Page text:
A. Whoever steals, takes, or abstracts, or by fraud or deception obtains, or attempts so to obtain, from or out of any mail, post office, or station thereof, letter box, mail receptacle, or any mail route or other authorized depository for mail matter, or from a letter or mail carrier, any letter, postal card, package, bag, or mail, or abstracts or removes from any such letter, package, bag, or mail, any article or thing contained therein, or secretes, embezzles, or destroys any such letter, postal card, package, bag, or mail, or any article or thing contained therein; or

B. Whoever steals, takes, or abstracts, or by fraud or deception obtains any letter, postal card, package, bag, or mail, or any article or thing contained therein which has been left for collection upon or adjacent to a collection box or other authorized depository of mail matter; or

C. Whoever buys, receives, or conceals, or unlawfully has in his possession, any letter, postal card, package, bag, or mail, or any article or thing contained therein, which has been so stolen, taken, embezzled, or abstracted, as herein described, knowing the same to have been stolen, taken, embezzled, or abstracted—

B. and C. are not pertinent because they do not pertain to getting mail. B talks about getting mail from a drop box. C talks about possessing stolen mail

So section A seems to be a long string of words. Maybe we can break it down and make some sense. Consider this, an element can be composed of different means, on which the jury does not have to agree. (See Mathis v. United States). For example if you attack somebody with the weapon, and the weapon element includes different means, like bat, nun-chuck, pipe etc... the jury would not have to agree on which weapon it was, as long as it is listed in this statute. It all really depends on wording. I strongly suggest you read the above case.

As such:

Whoever

(it appears this element describes different actions of taking)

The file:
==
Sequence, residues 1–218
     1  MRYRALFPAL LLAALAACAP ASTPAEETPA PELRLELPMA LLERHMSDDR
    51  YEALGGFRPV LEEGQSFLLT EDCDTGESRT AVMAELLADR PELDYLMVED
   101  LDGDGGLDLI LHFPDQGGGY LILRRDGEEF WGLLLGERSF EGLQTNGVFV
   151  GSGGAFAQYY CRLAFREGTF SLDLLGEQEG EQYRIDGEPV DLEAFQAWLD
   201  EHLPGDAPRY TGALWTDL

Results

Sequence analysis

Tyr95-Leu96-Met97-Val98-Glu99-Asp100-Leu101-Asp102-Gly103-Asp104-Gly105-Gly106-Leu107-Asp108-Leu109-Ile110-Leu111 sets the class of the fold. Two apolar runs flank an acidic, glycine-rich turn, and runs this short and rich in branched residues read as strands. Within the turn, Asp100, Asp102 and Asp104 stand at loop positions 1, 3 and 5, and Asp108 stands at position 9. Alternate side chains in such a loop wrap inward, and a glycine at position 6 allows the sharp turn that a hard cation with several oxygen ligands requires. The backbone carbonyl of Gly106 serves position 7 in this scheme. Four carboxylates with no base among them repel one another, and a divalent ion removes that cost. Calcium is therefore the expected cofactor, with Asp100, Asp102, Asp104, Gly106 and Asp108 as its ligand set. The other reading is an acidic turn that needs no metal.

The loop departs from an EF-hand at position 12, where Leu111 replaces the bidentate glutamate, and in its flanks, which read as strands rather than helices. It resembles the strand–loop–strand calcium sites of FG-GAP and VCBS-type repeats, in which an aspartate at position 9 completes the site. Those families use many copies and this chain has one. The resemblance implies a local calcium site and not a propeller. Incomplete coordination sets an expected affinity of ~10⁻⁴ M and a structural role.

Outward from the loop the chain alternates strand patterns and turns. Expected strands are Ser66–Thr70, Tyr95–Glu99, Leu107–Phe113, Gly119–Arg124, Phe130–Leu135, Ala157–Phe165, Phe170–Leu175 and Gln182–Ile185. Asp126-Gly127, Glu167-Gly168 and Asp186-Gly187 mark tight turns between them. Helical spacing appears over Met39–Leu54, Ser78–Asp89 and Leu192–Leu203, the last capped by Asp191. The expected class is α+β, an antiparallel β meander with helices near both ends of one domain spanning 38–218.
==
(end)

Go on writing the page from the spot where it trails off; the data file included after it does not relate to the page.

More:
steals, takes, or abstracts, or by fraud or deception obtains, or attempts so to obtain,

(element describing location)

from or out of any mail, post office, or station thereof, letter box, mail receptacle, or any mail route or other authorized depository for mail matter,

(Clarifying element describing location, including a part of the letter)

or from a letter or mail carrier, any letter, postal card, package, bag, or mail, or

(an conditional element of action describing partial removal/opening)

or abstracts or removes from any such letter, package, bag, or mail, any article or thing contained therein, or secretes, embezzles,

(an conditional element describing destruction)

or destroys any such letter, postal card, package, bag, or mail, or any article or thing contained therein;

Lets remove the conditional elements, since they are not pertinent here, further lets see if we can remove everything that did not fit with your action

So you "took" from "post box" a "package." At first glance that does constitute an offense since it meets all the elements. But... what does the word take mean in the context?

For an insight in Seventh Circuit read UNITED STATES of America, v. Christi Kay Jo O'HARA. 139 F.Supp.2d 998, (N.D. of Indiana May 3, 2001)

I would interpret take to mean taking something that is not mine.

In the end it comes down to proof. If the neighbor saw you take something, how can they prove that you took mail? Did they see that the box had a post office stamp? And where did it come from? An interesting topic for ligation.

To remove yourself from the possibility of criminal litigation either get to know your neighbors, or do it quietly in the dark when nobody can see you. LOL.